De novo diabetes és májátültetés, különös tekintettel a hepatitis C-vírus kiújulására

Translated title of the contribution: New-onset diabetes mellitus after liver transplantation

Balázs Nemes, Fanni Gelley, Gergely Zádori, Katalin Földes, Gábor Firneisz, Dénes Görög, Imre Fehérvári, László Kóbori, Zsuzsanna Gerlei, János Fazakas, Simon Pápai, Attila Doros, Péter Nagy, Gabriella Lengyel, Zsuzsa Schaff, Eniko Sárváry

Research output: Contribution to journalArticle

5 Citations (Scopus)


New-onset diabetes is a common complication after liver transplantation. Aim: We aimed to analyze the incidence and rate of known risk factors and the impact of new-onset diabetes mellitus on postoperative outcome. Methods: We retrospectively evaluated the files of 310 patients who underwent liver transplantation between 1995 and 2009. Definition of new-onset diabetes included: repeated fasting serum glucose >6.8 mmol/l and/or sustained antidiabetic therapy that was present 3 months after transplantation. Results: New-onset diabetes occurred in 63 patients (20%). Differences between the new-onset and the control group were the donor body mass index (24±3 vs. 22.4±3.6 kg/m2, p = 0.003), donor male gender (58% vs. 33%, p = 0.002), and recipient age (47.6±7.2 vs. 38.3±14.6 year, p<0.001), body mass index (26.7±3.8 vs. 23.3±5.6 kg/m 2, p<0.001), male gender (60% vs. 44%, p = 0.031). The 66% of patients with new-onset diabetes were transplanted with cirrhosis caused by hepatitis C virus infection, while in the control group the rate was 23% (p<0.001). Cumulative patient survival rates at 1, 3, 5 and 8 year were 95%, 90.6%, 88% and 88% in the control group, and 87%, 79%, 79% and 64% in the de novo group, respectively (p = 0.011). Cumulative graft survival rates at 1, 3, 5 and 8 year in the control group were 92%, 87%, 86% and 79%, in the de novo diabetes group the rates were 87%, 79%, 79%, 65%, respectively (p = NS). In case of early recurrence (in 6 months), majority of patients developed new-onset diabetes (74% vs. control 26%, p = 0.03). More patients had more than 10 times higher increase of the postoperative virus titer correlate to the preoperative titer in the de novo diabetes group (53% vs. 20%, p = 0.028). Mean fibrosis score was higher in new-onset group one year after the beginning of antiviral therapy (2.05±1.53 vs. 1.00±1.08, p = 0.039). Conclusions: Risk factors for new-onset diabetes after transplantation are elder age, obesity, male gender and cirrhosis due to hepatitis C infection. The early recurrence, viremia and more severe fibrosis after antiviral therapy have an impact on the occurrence of new-onset diabetes in hepatitis C positive patients.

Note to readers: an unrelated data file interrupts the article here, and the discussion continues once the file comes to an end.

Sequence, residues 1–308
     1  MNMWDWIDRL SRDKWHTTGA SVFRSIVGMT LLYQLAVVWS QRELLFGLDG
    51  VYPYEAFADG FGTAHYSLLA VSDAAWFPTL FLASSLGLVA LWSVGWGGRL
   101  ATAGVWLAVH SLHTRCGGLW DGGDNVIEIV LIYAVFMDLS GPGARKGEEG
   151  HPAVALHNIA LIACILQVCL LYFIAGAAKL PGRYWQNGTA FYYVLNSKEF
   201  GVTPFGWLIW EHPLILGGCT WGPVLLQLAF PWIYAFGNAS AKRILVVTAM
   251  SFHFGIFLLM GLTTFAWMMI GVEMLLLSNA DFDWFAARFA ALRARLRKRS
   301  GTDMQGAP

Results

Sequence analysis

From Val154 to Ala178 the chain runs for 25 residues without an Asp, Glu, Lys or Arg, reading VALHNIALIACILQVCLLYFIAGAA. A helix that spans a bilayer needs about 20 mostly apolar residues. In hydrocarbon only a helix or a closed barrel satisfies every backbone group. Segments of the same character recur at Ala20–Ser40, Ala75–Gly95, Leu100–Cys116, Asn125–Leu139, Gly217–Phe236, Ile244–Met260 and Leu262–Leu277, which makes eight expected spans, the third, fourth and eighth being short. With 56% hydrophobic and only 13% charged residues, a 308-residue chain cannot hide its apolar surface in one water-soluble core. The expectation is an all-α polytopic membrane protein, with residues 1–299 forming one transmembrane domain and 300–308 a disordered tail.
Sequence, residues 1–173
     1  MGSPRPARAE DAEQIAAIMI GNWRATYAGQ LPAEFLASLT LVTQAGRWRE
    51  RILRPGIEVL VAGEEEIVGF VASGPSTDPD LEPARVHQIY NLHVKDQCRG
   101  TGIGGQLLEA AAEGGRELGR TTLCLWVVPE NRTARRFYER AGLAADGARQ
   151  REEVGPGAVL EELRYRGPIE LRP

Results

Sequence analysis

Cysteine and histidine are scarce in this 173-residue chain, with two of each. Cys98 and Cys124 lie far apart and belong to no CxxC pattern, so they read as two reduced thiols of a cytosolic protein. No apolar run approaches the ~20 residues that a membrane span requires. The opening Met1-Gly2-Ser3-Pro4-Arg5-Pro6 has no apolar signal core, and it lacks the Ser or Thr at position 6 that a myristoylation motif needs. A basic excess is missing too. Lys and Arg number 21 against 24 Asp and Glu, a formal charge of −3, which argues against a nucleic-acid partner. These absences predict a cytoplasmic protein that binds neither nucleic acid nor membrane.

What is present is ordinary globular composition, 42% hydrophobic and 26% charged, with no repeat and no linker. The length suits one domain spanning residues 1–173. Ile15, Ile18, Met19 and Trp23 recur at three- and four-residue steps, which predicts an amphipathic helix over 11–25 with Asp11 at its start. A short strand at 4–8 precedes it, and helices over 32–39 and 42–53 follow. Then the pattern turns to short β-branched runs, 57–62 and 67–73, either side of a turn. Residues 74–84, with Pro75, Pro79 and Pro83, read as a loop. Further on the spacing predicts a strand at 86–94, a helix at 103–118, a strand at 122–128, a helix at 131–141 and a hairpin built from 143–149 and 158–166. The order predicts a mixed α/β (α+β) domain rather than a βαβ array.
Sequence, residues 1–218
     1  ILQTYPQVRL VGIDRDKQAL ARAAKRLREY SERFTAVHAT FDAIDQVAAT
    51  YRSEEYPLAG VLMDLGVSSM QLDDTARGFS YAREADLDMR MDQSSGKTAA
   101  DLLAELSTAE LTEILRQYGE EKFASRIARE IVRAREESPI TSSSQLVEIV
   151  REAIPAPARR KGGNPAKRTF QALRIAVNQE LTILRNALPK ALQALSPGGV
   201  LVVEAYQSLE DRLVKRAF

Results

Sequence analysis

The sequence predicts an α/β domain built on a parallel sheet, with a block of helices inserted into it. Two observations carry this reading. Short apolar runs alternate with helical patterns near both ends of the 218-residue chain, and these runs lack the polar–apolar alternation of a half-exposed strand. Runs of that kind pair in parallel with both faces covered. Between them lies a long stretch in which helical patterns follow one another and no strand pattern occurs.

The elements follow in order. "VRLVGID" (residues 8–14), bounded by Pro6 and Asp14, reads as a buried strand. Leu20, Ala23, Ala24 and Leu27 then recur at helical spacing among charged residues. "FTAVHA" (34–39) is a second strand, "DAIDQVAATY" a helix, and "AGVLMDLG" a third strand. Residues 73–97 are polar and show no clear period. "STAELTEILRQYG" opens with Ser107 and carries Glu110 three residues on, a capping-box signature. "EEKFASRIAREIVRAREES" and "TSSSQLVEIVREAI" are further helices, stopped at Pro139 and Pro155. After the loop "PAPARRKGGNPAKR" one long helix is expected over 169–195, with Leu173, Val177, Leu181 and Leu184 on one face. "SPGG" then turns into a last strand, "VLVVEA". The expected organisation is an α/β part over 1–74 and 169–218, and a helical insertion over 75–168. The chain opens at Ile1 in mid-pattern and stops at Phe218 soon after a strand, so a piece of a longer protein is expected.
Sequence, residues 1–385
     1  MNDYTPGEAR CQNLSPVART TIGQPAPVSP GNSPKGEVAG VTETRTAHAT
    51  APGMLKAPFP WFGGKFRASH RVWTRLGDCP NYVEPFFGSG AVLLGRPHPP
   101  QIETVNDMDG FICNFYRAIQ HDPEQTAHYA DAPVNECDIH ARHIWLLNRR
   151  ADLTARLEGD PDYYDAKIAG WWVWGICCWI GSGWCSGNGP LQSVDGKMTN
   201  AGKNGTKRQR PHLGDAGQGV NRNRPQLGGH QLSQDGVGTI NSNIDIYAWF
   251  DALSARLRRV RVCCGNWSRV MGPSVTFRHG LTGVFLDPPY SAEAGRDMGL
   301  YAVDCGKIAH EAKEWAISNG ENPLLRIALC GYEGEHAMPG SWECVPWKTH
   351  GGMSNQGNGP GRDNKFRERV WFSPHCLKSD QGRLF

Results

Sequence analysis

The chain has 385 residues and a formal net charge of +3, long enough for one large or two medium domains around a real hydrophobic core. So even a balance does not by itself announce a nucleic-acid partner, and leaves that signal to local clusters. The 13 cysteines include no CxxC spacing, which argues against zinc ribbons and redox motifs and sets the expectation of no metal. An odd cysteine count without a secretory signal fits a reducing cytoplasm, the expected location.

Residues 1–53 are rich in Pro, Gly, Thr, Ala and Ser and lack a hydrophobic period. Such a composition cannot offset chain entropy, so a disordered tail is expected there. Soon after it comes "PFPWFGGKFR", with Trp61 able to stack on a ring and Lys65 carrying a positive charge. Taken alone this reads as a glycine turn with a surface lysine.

Original languageHungarian
Pages (from-to)1062-1071
Number of pages10
JournalOrvosi hetilap
Issue number26
Publication statusPublished - Jun 1 2010


ASJC Scopus subject areas

  • Medicine(all)

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